Friday, September 14, 2012

Phone call prompts evacuation of 50,000 UT students

One dialing finger disrupts 50,000 people  

Austin – Big league terrorism made its debut in the densely populated downtown area of the state capitol first thing this morning.

A single glib-tongued caller caused widespread confusion that affected tens of thousands of people, rendering the heart of the city helpless and disorganized with a phone call.

Grid-locked traffic seeking to both leave and enter the University of Texas downtown campus resulted in a massive traffic jam as students arrived to begin classwork.

A threatening phone call attributed to Al Qaeda left as many as 20,000 pedestrians with umbrellas wandering The Drag in a pouring rain as campus administrators and faculty stood at entrances to the campus to deny them entry.

The caller told authorities that the radical Islamic group had spotted explosives in multiple locations throughout the sprawling campus that serves 50,000 students.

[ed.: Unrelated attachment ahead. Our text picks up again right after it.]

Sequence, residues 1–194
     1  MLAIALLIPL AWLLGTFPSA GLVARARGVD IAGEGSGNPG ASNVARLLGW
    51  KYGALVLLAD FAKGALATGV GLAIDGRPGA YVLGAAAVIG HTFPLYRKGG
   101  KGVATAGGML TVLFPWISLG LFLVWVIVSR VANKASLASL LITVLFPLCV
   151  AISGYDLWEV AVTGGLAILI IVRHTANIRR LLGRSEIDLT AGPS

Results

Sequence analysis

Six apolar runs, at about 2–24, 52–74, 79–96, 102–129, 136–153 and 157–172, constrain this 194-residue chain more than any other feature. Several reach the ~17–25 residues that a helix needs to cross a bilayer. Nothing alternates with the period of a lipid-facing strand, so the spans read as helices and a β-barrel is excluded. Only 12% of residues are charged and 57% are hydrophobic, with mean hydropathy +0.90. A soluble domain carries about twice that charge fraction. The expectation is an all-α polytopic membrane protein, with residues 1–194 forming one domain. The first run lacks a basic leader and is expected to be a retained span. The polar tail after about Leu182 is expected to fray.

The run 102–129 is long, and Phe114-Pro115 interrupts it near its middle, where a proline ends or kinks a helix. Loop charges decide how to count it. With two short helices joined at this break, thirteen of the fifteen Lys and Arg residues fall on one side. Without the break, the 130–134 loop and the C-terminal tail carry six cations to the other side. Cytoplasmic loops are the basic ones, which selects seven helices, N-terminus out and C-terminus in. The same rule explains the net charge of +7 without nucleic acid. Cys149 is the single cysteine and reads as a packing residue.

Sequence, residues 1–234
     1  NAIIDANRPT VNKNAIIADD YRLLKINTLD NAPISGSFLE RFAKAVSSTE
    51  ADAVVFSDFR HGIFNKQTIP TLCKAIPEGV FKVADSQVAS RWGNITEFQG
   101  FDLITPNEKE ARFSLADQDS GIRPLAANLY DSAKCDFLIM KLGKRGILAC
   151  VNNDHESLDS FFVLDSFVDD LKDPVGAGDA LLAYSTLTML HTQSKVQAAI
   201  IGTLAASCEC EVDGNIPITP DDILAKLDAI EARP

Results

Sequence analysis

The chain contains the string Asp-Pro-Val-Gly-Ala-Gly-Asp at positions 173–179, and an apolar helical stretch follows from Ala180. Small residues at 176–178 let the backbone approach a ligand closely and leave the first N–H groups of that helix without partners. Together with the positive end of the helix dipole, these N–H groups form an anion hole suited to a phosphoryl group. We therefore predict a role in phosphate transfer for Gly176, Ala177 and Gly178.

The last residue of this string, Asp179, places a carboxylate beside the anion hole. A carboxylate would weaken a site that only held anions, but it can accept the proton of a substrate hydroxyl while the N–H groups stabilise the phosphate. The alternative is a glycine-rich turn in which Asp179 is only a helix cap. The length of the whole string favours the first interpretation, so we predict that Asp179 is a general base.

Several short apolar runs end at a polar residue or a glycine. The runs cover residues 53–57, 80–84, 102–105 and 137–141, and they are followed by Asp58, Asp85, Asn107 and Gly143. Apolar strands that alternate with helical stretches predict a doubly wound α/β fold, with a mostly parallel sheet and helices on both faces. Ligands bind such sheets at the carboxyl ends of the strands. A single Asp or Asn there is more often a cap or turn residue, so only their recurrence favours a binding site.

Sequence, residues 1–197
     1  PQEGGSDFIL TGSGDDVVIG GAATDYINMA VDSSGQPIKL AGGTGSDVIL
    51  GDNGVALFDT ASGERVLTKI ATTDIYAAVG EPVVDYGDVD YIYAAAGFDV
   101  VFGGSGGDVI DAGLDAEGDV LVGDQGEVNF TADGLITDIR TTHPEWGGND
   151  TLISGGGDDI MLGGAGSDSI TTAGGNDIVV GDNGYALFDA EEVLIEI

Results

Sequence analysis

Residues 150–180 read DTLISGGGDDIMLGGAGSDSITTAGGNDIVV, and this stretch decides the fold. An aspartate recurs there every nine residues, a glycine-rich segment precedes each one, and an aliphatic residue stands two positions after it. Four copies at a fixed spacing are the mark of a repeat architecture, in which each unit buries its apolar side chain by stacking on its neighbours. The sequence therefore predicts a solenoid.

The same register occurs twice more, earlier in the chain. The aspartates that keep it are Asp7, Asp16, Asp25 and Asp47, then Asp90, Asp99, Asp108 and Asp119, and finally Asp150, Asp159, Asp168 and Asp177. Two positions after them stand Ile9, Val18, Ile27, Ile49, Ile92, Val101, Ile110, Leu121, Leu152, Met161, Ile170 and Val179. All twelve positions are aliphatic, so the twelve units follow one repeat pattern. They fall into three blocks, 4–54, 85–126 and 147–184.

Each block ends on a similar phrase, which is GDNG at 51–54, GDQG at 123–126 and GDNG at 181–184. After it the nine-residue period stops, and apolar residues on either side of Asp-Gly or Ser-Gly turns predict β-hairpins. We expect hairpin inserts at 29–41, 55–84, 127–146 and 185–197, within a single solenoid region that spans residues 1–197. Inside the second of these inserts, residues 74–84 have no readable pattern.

With violent Islamic demonstrations raging at 20 locations throughout the mid-east and the recent rocket attack on the American consulate at Benghazi, Libya, that caused the death of the ambassador, authorities gave the threat all the credibility in the world.

The university's administration took immediate steps to evacuate students from the campus, prompting the traffic gridlock of cars seeking to leave parking garages and lots and those as yet uninformed of the closure whose drivers were trying to find parking.

Incredulous students who wandered in the rain, unsure of what to do, told newsmen they were uninformed of what, exactly, had occurred. Faculty and administrative officials remained tight-lipped about the state of affairs. They were reportedly standing watch alone as law enforcement officers worked to clear the snarled traffic that tied up streets and bridges throughout the area.

As events unfolded, one could only marvel at what could have happened had terrorists indeed planted improvised explosive devices in parked automobiles and the odd backpack or briefcase spotted in strategic locations.

The campus is scheduled to reopen at 5 p.m. today.

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